MIDDLE GROVE — Katlin Rhodes attacks each project she takes on with a clear solution in mind. From her professional vocation to her side hustles, every endeavor is based in purpose and driven by the goal of solving an issue that has presented itself in her life.
Rhodes lives in Middle Grove, just outside Saratoga Springs, and is originally from Chenango County in Central New York. Her “big-girl job,” as she calls it, is in industrial hygiene and focuses on occupational hazards. She is now a certified industrial hygienist (a lengthy and difficult accreditation to achieve) and chose her career path because of the conditions her father, a welder, worked in that led to a decline in his health.
Rhodes said her father was “not knowledgeable about the hazards of his job and the fumes he was breathing in,” which caused him to develop COPD, a chronic lung ailment that Rhodes said will ultimately contribute to his death.
Her professional life is now dedicated to ensuring others never risk their own health because of their jobs.
But most people who know Rhodes recognize her from the other occupations: professional hiking guide and owner of TogaNola, a granola company that is a vendor at the Spa City Farmers’ Market in Saratoga on Sundays. Rhodes began making granola in 2015 “on accident,” she said, while she was training for a marathon. She relied on store-bought granola bars as a healthy pre- and post-training snack, “but I didn’t feel that good after I ate them,” she said. While the bars were marketed as healthy, Rhodes said, she realized, “every time I eat one, I’m eating a good amount of refined sugar.”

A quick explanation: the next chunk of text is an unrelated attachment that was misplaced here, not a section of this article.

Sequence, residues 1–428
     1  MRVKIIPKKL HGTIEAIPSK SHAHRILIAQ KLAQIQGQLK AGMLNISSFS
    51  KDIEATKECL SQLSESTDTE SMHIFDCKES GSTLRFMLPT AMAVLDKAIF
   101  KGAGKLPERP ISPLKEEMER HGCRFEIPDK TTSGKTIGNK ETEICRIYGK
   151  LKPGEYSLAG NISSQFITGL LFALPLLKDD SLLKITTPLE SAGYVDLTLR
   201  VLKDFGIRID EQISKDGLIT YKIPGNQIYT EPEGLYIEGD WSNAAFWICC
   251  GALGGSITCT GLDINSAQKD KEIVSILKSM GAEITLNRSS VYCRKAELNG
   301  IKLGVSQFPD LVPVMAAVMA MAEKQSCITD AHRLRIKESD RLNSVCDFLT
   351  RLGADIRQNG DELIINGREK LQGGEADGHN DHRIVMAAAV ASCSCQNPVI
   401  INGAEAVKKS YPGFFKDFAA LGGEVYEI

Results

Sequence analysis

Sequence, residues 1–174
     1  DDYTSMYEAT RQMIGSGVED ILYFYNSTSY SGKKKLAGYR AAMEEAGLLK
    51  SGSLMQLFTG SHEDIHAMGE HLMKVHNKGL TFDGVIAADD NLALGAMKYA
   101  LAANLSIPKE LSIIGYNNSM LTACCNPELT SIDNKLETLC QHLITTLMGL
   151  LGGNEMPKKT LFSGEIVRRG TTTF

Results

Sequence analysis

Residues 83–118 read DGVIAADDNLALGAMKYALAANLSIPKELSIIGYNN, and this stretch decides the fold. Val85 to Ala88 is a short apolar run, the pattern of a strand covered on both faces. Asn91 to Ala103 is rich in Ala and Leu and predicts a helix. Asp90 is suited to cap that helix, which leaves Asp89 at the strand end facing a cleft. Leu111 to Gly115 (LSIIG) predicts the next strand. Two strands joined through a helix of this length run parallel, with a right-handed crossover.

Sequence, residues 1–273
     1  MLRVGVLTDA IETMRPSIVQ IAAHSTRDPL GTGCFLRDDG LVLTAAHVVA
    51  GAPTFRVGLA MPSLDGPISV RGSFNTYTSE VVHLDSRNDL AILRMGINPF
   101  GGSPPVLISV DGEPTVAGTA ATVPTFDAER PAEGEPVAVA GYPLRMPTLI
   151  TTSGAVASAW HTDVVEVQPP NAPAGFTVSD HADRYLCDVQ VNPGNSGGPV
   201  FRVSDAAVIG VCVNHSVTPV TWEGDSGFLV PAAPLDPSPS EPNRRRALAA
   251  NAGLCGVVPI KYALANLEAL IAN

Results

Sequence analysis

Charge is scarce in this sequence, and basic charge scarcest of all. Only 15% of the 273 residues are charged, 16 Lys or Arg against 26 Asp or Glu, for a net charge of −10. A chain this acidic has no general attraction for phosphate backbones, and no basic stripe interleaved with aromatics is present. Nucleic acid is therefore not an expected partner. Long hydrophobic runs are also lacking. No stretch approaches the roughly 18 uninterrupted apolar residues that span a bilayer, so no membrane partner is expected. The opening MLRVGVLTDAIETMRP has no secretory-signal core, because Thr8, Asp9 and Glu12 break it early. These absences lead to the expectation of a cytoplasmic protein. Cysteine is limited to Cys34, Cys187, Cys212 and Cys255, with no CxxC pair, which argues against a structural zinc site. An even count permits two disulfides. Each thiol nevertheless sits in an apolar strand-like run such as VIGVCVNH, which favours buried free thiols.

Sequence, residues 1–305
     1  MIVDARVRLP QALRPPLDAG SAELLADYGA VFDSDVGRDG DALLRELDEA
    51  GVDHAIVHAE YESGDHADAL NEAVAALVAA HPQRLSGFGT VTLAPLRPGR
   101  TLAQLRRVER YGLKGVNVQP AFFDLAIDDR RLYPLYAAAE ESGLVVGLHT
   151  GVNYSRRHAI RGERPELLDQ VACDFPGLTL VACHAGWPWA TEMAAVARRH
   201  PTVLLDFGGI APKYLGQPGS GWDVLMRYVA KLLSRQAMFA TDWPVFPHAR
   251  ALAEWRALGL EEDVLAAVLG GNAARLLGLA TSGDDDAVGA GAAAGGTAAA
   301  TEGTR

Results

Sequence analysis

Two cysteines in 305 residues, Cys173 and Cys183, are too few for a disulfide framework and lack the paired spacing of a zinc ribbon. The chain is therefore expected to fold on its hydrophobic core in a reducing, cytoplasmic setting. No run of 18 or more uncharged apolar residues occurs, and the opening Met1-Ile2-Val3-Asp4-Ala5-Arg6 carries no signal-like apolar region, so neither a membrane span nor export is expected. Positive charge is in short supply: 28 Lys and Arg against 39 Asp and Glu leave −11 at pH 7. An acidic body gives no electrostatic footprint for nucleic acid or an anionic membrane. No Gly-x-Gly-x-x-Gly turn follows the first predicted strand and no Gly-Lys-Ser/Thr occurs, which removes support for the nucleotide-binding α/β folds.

Around the same time, Rhodes (a self-proclaimed “nerd”) began reading about and researching whole foods and plant-based diets, and she found that most granola available commercially was a sugar bomb with sweetness akin to candy bars. She started making her own granola bars as a way to reduce sugar and embrace a whole-foods lifestyle, but after sharing them with friends and her husband’s co-workers, she was soon influenced by the “positive pressure” to sell them, she said, and began TogaNola later that year.
“I’m kind of an all-or-nothing person,” Rhodes said, and she soon received an exemption to a 20-C food processing license to make her granola bars in her home kitchen, a variance provided by New York state that she said is vital to providing opportunities for small food producers who can’t afford large commercial spaces.
“If that didn’t exist, I don’t know if we would have gone into business in the first place,” Rhodes said. She cannot sell TogaNola products on her own outside of New York with that license, but others can distribute for her, including 9 Miles East, which incorporates her granola into its food delivery service throughout New York and in Boston. TogaNola is otherwise sold at the Spa City Farmers’ Market and on the company’s website.